Technical people in particular are able to show different approaches and solutions to a customer. Where a salesman always takes the demands and questions of a customer as a starting point, a technical person is able to take the final goals, purposes and targets of the customer as a starting point and then to come up with a modified or completely different solution than what the client asked for. Technical people are just more creative in this area and this is very important, because a project that has a flawed design, will never satisfy a customer.
Projects don’t fail in the end; they fail at conception
- Tony Collins -
- Tony Collins -
After all this, you might want to ask: "If communicating with technical people has so many advantages, then why do most software development companies don't let the technical people in on the customer conversations?" I can counter this easily, by asking: "Why do so many IT-projects fail?"
Of course, the client must be willing to invest some extra time and effort. If he just wants to hear that everything is going to be all right and the end result is going to be great, then he shouldn’t complain when in the end, things don’t look as rosy as they did in the beginning. And yes, some customers really are like that.
I must make three reservations, though. Letting technical people do all the talking can also have its drawbacks.
First of all, they exist. Those socially impaired geeks who are brilliant at programming, but just can’t communicate. Of course, you should never let them talk to the customers. But not all technical people are like that. In fact, those nerds often have lots of trouble fitting into a team, so although they do exist, you usually don’t find them in development teams where people have to do lots of communication. Mostly, they reside in the basement in the systems administration department (IT Crowd, anyone?)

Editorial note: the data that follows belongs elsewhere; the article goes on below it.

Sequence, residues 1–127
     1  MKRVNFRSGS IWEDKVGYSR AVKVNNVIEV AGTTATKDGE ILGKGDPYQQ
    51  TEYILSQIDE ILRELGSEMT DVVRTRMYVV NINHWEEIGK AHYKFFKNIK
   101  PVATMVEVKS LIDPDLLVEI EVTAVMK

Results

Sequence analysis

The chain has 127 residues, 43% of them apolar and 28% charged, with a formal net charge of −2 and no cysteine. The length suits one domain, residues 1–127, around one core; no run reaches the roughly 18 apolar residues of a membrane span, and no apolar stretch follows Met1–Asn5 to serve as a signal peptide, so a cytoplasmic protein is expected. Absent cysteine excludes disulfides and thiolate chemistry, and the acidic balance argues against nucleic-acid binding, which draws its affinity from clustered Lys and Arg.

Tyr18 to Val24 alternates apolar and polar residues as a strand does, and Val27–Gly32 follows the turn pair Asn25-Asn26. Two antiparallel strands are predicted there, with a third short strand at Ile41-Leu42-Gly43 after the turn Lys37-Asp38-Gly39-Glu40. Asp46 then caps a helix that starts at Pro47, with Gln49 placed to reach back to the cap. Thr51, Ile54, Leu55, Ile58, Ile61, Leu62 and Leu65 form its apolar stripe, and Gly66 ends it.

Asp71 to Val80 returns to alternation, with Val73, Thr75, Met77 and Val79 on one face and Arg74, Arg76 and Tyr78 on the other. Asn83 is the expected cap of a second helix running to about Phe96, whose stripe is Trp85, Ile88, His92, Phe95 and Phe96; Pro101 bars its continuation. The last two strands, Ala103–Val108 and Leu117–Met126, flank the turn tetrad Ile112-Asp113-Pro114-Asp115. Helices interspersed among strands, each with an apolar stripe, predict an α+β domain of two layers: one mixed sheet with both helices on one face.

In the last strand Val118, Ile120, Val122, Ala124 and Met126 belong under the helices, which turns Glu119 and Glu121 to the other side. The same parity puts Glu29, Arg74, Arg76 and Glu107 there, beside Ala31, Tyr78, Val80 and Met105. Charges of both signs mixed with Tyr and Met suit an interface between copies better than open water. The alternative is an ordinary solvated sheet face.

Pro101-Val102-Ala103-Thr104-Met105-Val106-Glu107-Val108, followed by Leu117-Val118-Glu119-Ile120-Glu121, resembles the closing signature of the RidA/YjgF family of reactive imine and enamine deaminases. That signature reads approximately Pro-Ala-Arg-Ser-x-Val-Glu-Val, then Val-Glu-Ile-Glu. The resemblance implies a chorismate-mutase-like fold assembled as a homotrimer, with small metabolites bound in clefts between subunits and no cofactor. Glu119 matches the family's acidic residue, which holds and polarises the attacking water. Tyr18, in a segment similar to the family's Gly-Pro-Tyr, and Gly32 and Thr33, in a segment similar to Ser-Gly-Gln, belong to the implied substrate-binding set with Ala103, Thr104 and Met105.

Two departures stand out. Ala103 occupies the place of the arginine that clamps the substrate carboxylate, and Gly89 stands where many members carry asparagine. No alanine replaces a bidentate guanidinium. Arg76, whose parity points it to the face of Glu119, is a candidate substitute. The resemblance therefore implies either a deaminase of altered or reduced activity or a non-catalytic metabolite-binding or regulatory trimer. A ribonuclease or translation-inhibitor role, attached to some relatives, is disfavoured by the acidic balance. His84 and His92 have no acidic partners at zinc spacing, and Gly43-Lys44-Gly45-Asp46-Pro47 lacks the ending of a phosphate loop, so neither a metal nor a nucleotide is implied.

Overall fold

Secondly, the decision to let the technical people do all the communication with the customer can drive the programmers crazy when the customer calls every single day with all kinds of trivial questions. Programmers are at their most productive when they can work uninterrupted for long periods of time. So, during the design and development stage, communication should include the technical people, but once the system runs, the technical people should be somewhat shielded from continuous interruption. This does not mean, however, that you need accountmanagers or salespeople for this after all. You could, for example, require your customers to only communicate via email if they have a non-urgent question, so that the technical people can respond whenever they see fit, albeit within a reasonable timeframe, of course, for example two days. You could also employ a separate support department, that handles all trivial questions and forwards the rest to the technical people. In that case, the accountmanagers and salespeople can do what they are best at: perform the role of translator when it comes to new requirements.
And thirdly, I make a clear distinction between sales people and accountmanagers that form the link between the customer and the technical people on one hand, and marketing and sales professionals who do acquisition on the other. Marketing and acquisition is in a league of its own, a profession of which technical people generally do not know a lot. But once the potential customer is reasonably convinced that he can be helped, it is better to let a technical person join the conversation than let all the talk be done by sales people, because in that stage, there are definitely some technical issues that have to be taken care of.
So my conclusion is that in the end, letting technical people join the communication with the client is definitely the way to go. The extra initial investment will definitely pay itself back later on and both developer and client will look back on the project with satisfaction.
Oh, and as for the final question: In the end, the client was one of the happiest clients I’ve seen in a long time.